Tips on Maintaining Clean and Healthy Waterways

Written by barrington

This issue of Smart Boater is devoted to helping keep our waterways clean and healthy for all of us to enjoy. Let’s face it, nobody enjoys boating, fishing or swimming in dirty water. Boaters are best suited to be guardians of our water because we are closer to it and enjoy it more than the average non-boating citizen. How we handle our trash, boat maintenance and sewage can make an enormous difference, in the quality of the water we enjoy. Below are a few simple guidelines all of us can follow to help keep our waterways clean.


This is one type of pollution only boaters cause and only boaters can prevent. One quart of oil can create a surface slick 2 acres in size and a single gallon of fuel can contaminate 750,000 gallons of water. Fuel spilled by careless fueling and bilge oil discharged into the water are two of the most common forms of water pollution by boaters. Some things boaters can do to prevent this.
• Use vent collection devices when possible.
• Listen to your boat and slow filling when the sound of fuel entering your tank changes.
• Keep oil absorbent pads under all engine room machinery and inspect and change them frequently.
• Keep a dry bilge. Route grey and condensate water to drain boxes or grey water tanks which pump out separately from bilge water.
• Never spray detergent onto a fuel or oil leak. It only makes the problem worse by causing the contaminants to sink into the water, and it’s illegal.


This one should be simple – never pump sewage overboard anywhere in coastal waters any time. Discharging vessel sewage is illegal within 3 miles of shore in U.S. Coastal waters. Also when more than 3 miles off-shore, just because you can, doesn’t mean you should pump sewage overboard. Always use pump-out facilities when possible. Use active-enzyme based products to control odor and reduce solids in holding tanks and avoid products that contain quaternary ammonium compounds (QAC) and formaldehyde. Let’s also not forget our pets. They are family members and boat with us frequently. Pick up their waste when they go ashore and dispose of it properly.


Improperly discarded fishing line is a hazard to all marine life and is also a risk to boaters and swimmers. Monofilament line can last up to 600 years in the environment. Ask if your marina has a collection bin for your discarded line. If they don’t, encourage them to get one.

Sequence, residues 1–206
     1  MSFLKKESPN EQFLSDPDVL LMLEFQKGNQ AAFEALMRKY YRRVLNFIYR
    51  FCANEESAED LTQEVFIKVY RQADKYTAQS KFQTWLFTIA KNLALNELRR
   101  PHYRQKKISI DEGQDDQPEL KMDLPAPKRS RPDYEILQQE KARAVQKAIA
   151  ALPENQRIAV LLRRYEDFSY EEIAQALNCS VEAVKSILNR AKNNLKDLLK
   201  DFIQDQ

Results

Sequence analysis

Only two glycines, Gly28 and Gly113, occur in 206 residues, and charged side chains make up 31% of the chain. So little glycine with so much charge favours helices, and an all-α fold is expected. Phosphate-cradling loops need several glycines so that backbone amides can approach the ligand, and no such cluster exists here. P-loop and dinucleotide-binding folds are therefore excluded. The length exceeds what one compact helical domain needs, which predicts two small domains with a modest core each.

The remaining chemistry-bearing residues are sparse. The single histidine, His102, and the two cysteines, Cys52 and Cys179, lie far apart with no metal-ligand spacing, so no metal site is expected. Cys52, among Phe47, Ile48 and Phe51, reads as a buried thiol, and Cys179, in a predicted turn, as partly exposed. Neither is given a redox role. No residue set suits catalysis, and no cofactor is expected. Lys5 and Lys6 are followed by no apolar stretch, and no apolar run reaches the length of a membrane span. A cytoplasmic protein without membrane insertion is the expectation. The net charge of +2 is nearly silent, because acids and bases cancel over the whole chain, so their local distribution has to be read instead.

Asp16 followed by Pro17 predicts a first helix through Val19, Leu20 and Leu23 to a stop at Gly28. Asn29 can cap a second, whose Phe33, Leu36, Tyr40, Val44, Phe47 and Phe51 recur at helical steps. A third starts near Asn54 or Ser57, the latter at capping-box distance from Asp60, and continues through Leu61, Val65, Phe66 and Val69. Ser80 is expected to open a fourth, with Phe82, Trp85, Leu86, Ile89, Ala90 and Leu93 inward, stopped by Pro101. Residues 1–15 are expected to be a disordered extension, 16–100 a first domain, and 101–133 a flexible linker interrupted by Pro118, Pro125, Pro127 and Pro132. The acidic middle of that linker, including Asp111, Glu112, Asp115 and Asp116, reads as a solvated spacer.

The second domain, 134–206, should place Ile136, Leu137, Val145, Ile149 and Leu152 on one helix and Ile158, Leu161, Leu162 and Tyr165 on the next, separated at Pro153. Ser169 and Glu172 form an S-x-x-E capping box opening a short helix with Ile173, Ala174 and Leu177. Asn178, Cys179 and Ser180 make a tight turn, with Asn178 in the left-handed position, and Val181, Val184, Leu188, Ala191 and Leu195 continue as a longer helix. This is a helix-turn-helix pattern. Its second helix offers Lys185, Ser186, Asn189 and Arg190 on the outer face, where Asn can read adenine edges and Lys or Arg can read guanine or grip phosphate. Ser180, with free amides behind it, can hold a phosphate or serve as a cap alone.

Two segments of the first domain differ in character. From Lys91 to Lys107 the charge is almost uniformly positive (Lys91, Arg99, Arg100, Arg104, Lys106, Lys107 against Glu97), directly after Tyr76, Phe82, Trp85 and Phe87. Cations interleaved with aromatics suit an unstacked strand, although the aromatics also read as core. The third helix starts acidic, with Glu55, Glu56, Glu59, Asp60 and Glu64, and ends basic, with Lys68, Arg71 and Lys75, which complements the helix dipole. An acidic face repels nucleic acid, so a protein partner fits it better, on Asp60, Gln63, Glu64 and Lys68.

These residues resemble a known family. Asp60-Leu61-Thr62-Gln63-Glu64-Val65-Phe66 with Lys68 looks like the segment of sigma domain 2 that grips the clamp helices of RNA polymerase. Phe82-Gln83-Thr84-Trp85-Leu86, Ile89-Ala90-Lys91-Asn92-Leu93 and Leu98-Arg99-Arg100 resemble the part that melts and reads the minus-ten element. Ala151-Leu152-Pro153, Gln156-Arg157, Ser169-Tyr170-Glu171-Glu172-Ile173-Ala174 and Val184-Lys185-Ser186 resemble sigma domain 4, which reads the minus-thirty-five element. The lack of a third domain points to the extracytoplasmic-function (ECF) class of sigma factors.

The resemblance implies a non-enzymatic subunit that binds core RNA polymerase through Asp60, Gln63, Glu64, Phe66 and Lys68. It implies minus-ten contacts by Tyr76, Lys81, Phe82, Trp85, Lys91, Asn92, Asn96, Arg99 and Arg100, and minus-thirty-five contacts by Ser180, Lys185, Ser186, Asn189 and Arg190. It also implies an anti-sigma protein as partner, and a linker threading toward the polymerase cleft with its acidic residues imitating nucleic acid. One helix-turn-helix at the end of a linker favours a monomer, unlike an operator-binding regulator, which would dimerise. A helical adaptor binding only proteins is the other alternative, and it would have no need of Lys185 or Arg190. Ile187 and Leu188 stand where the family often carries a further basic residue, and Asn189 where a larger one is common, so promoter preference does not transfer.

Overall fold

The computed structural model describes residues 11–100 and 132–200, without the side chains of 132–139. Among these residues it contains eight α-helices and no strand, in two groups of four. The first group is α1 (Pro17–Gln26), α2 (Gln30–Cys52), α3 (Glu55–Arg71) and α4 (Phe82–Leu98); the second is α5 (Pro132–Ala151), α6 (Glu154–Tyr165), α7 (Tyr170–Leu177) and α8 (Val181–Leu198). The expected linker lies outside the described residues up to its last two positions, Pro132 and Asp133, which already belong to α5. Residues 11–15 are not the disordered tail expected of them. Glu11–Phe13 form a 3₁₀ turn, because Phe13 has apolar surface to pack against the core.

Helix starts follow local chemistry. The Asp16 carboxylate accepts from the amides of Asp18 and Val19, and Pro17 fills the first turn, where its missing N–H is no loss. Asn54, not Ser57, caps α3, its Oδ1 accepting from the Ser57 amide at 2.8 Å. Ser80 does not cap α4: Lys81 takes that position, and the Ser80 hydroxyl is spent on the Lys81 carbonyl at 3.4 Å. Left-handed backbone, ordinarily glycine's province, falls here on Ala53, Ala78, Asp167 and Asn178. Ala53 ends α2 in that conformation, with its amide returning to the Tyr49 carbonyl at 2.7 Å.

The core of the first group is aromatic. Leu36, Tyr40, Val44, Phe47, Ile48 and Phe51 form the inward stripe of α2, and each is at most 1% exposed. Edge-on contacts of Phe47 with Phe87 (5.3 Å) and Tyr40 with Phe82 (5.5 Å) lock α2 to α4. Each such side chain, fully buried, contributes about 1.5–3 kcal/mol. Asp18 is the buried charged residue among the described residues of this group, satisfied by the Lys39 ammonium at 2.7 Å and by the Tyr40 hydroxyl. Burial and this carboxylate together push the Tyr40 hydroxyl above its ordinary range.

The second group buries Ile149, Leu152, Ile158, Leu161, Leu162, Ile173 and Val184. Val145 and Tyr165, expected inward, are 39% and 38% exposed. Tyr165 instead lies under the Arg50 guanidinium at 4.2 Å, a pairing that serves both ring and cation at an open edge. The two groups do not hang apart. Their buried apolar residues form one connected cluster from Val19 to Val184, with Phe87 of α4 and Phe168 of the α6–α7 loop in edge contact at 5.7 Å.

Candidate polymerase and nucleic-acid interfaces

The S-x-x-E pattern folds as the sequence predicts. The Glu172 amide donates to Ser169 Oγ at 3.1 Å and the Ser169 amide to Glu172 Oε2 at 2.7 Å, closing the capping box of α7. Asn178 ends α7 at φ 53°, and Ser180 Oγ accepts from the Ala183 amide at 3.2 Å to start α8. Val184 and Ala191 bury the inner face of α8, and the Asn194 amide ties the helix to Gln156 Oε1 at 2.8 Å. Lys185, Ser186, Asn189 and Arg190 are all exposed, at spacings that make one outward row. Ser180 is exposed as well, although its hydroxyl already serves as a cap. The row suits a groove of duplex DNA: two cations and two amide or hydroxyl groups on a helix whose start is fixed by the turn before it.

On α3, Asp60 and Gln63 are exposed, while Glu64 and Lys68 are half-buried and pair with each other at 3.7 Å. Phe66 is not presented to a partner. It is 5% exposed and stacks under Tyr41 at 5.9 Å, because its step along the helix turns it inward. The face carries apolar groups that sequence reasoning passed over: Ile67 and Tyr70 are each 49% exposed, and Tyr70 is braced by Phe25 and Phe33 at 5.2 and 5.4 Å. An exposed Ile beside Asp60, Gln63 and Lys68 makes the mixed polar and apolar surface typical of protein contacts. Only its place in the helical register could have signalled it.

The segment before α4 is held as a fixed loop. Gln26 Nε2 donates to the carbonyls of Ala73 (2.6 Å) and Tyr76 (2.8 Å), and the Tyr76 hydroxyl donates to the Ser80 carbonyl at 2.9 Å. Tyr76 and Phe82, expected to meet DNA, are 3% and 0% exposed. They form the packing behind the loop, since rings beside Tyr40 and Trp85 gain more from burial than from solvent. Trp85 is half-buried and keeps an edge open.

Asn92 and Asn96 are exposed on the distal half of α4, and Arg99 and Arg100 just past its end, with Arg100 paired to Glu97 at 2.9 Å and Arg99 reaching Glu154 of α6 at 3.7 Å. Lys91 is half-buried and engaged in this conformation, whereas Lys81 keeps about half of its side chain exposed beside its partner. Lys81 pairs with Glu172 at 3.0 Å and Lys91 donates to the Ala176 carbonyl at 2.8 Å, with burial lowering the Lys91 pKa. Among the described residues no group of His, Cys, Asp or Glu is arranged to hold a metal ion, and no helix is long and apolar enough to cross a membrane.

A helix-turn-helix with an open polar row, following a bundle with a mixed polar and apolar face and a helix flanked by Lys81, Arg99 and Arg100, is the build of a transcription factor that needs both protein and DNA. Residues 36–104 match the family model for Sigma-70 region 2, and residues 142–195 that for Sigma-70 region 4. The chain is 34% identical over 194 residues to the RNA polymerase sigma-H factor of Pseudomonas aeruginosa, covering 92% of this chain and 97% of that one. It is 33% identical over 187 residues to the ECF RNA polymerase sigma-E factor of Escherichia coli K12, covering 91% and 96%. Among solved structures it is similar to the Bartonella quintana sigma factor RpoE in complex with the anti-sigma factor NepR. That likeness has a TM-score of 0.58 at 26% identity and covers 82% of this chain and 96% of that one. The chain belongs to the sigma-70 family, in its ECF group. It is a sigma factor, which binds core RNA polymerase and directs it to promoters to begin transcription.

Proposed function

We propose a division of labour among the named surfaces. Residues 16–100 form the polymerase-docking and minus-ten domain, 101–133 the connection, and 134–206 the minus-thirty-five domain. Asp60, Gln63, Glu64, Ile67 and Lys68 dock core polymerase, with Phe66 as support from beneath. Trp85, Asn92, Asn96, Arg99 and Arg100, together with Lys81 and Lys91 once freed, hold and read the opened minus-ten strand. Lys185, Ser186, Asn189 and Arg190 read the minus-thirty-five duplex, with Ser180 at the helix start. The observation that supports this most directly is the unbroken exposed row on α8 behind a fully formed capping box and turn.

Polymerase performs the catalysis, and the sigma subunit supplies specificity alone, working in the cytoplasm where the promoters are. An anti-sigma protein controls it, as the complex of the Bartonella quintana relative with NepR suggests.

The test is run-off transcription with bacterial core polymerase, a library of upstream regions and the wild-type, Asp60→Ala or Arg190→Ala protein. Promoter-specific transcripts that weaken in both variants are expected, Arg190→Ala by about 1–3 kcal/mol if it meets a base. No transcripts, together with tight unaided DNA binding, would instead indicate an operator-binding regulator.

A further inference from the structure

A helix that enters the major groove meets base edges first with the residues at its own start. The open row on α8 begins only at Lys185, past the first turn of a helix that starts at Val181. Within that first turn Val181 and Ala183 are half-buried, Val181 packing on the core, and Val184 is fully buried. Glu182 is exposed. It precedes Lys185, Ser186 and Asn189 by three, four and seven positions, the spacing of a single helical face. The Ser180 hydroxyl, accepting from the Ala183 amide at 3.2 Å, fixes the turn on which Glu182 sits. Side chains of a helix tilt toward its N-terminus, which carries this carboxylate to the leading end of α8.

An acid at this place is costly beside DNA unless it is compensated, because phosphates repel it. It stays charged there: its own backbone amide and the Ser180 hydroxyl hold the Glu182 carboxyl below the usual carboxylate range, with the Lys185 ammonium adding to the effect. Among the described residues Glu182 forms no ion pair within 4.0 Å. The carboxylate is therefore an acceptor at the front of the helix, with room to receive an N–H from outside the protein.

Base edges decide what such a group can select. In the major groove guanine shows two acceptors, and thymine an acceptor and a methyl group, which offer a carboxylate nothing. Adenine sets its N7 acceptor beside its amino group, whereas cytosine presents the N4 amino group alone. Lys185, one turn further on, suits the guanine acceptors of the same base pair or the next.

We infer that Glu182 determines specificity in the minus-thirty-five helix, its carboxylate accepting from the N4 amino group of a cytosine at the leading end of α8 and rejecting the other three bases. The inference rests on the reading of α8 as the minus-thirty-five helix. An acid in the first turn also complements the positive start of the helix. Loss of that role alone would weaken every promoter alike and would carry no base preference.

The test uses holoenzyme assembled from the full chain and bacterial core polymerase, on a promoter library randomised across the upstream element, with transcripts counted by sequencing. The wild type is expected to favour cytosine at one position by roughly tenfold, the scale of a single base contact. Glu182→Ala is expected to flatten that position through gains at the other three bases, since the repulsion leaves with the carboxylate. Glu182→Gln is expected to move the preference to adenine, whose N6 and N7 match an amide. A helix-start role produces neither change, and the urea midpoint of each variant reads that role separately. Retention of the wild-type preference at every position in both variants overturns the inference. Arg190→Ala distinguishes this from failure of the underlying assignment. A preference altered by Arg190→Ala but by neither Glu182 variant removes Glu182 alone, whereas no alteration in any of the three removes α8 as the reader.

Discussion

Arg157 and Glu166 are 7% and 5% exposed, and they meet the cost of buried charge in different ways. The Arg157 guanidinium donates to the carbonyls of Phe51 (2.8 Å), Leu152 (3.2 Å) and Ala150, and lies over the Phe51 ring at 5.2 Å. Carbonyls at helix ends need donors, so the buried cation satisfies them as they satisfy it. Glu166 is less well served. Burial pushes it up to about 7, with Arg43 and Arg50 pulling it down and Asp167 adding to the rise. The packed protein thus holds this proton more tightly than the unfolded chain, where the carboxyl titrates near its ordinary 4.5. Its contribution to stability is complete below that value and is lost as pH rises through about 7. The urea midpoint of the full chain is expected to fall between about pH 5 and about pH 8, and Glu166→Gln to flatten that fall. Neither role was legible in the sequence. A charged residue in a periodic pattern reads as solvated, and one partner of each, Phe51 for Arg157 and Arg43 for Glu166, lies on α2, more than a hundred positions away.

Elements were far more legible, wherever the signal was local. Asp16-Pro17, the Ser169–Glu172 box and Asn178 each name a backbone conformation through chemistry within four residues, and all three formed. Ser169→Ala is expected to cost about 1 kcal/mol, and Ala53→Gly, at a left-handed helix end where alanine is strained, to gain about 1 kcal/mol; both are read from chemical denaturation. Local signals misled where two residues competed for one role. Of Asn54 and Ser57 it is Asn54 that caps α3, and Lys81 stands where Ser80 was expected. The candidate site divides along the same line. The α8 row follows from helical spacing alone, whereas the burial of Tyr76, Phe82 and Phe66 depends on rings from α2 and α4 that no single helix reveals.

Many products used to wash boats contain toxic chemicals such as chlorine, phosphates and ammonia. Cleaning a boat can leave many of these toxic pollutants in the water where they can poison marine life. The best way to keep them out of the water is to not use them at all. In many cases, a little “elbow grease” will go a long way.
• Use less soap and frequently clean decks with fresh water.
• Ask your favorite ship’s store to stock biodegradable cleaners.
• Wax your boat to prevent surface dirt from sticking to the hull.


Borax or hydrogen peroxide

Wood Polish
Three parts olive oil and one part white vinegar (for interior unvarnished wood)

Copper Cleaner
Lemon or lime juice and salt

Stainless Cleaner
Apple cider to clean, baby oil to polish

Fiberglass Stain Remover
Baking soda paste and a scrub pad

Window Cleaner
One cup vinegar in one quart warm water

Mildew Remover
Lemon juice and salt paste

Head Cleaner
Baking soda and a brush

Floor Cleaner
One cup white vinegar in two gallons of water

Varnish Cleaner
Wipe with ½ cup vinegar and ½ cup water solution


Most coastal states have a Clean Boater Program which asks boaters to pledge to follow clean boating habits. Please pledge with us to help keep our waterways clean and healthy. As a participating member of a Clean Boater Program, I pledge to do my part in keeping waterways clean by following Clean Boating Habits. I will identify opportunities and implement practices to prevent pollution associated with my boating activities such as: fueling, cleaning and washing, sewage handling and maintenance. I will further ensure that all passengers aboard my vessel follow the guidelines and maintain a clean boating environment.


• Keep waterways free of trash and recycle.
• Practice proper fueling techniques.
• Use pump-out facilities.
• Support Clean Marinas, Clean Boatyards and Clean Marine Retailers whenever possible.
• Promote clean boating habits and the Clean Boater program to fellow boaters.
• Remember a smart boater is a Clean Boater!